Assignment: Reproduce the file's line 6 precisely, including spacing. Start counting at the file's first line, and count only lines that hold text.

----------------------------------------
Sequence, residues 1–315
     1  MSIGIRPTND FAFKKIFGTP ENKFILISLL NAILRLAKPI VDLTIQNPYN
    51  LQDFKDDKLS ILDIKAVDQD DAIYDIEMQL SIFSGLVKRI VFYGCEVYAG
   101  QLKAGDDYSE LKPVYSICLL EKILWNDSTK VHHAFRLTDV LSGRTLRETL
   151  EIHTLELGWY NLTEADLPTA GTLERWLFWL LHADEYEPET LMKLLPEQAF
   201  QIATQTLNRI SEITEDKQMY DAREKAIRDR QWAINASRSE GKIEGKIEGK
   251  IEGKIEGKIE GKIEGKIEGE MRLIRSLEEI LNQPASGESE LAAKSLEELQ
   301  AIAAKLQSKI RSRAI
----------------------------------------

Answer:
   201  QIATQTLNRI SEITEDKQMY DAREKAIRDR QWAINASRSE GKIEGKIEGK